The major professional emphasis has been that of sociology, hence developing social work practice and framework is aimed at the proactive social workers, administrators, social development experts, social policy formulators, etc. Over the years, social work emphasis has brought into existence many social work institutions, social work/welfare consultants/counsellors and social work friendly organisations in the United Kingdom, United States of America, Canada, Ireland, etc working tirelessly to ensure that social workers and social work organisations maximize their potential and also impact positively on social development and good governance for sustainable and visible socio-economic development but same cannot be said of Nigeria, the most populous black nation in the world with over 160 million people. Social work practice has no doubt helped the developed economies achieve socio-economic resilience for many years. Individuals and organizations are investing time and funds in researches aimed at social welfare, social development, social policy, etc. However there have not been clear-cut regulations on the practice of social work in Nigeria by a very definite authority and responsibility clarification aimed at achieving the best practice in social work profession. And the absence of a virile professional body over the years has contributed chiefly to this pronounced weakness. Social work practice has no doubt helped the developed economies achieve socio-economic resilience for many years. Individuals and organizations are investing time and funds in researches aimed at social welfare, social development, social policy, etc. However there have not been clear-cut regulations on the practice of social work in Nigeria by a very definite authority and responsibility clarification aimed at achieving the best practice in social work profession. And the absence of a virile professional body over the years has contributed chiefly to this pronounced weakness.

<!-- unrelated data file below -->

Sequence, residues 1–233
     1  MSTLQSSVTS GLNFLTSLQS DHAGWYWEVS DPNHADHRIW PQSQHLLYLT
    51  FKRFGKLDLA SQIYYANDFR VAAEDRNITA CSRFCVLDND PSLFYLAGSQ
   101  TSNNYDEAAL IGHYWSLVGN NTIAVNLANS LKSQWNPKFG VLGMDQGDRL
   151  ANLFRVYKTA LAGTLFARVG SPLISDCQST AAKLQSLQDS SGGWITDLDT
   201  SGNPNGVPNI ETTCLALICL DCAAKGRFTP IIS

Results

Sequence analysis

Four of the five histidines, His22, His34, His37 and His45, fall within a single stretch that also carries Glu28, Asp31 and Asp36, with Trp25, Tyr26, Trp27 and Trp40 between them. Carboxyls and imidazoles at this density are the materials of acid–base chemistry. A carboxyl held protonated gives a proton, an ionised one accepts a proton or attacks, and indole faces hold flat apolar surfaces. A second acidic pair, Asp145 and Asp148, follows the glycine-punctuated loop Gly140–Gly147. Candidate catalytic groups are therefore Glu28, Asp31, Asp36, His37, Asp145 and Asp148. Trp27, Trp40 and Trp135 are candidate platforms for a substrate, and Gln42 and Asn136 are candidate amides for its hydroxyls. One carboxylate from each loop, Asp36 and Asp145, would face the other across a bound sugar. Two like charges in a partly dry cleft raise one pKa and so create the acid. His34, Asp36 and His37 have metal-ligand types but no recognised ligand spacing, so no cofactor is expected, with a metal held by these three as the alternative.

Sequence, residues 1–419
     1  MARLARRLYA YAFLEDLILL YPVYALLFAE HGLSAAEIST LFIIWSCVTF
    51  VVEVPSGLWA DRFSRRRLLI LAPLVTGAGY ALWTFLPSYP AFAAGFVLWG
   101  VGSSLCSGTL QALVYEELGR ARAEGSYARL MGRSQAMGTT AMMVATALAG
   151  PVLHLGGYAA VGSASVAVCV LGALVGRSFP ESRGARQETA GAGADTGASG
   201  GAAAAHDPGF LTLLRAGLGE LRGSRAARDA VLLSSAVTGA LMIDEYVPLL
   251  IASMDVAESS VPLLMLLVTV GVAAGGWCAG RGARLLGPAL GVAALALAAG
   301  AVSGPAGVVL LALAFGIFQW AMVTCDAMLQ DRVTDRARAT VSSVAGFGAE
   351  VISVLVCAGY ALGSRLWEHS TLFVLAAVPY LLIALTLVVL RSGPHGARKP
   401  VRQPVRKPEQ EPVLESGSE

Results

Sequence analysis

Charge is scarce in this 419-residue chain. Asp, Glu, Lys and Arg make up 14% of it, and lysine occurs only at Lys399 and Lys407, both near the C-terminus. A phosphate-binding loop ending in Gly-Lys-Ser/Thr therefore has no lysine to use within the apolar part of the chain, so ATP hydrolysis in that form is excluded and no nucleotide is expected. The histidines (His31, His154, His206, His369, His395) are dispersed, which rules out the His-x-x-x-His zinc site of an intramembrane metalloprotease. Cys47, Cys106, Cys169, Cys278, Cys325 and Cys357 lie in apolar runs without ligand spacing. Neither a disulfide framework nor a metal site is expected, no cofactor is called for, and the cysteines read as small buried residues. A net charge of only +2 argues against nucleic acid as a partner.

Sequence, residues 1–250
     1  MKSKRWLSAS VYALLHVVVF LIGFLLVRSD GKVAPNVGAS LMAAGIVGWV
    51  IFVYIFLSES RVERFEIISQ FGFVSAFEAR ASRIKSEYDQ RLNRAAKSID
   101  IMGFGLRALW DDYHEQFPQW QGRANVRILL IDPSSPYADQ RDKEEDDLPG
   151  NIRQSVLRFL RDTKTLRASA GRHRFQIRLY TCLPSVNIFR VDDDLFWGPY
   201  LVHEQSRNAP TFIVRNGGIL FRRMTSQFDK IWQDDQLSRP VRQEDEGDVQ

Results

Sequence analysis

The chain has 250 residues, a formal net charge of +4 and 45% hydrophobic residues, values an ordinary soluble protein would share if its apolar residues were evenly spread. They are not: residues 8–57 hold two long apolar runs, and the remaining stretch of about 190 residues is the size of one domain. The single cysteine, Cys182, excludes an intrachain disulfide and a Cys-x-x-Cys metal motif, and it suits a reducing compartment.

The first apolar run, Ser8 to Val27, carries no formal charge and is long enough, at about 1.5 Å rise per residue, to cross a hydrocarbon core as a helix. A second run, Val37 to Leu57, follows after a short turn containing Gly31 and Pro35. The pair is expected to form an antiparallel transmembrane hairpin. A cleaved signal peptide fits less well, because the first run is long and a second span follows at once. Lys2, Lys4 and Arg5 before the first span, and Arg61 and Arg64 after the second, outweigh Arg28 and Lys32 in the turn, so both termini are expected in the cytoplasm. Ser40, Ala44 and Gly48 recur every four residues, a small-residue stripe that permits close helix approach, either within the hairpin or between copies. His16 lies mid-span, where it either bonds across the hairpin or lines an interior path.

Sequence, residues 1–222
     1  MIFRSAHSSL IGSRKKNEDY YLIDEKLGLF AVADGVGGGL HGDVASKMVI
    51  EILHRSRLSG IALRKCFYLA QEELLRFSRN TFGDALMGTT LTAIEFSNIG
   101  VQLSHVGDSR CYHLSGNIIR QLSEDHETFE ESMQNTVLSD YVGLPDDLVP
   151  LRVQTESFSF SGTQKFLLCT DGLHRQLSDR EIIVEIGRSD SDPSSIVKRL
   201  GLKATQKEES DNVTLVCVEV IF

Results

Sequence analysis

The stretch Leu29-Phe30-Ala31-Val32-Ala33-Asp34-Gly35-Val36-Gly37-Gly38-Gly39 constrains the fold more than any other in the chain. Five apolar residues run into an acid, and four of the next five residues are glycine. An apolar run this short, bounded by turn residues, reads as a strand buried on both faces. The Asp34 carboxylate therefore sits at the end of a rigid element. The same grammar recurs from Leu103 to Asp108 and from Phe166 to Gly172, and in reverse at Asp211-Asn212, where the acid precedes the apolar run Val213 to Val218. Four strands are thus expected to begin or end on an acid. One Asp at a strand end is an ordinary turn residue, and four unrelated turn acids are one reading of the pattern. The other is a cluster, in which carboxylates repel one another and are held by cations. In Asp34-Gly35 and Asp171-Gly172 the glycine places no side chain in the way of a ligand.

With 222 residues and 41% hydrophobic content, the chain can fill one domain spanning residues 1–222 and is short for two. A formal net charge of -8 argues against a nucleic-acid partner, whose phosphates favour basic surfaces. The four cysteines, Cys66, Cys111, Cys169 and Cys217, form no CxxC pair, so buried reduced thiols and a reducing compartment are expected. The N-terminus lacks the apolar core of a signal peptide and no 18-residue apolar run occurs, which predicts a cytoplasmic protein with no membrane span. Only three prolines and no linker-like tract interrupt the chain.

The objectives of the Institute as approved by government of Federal Republic of Nigeria are as followings: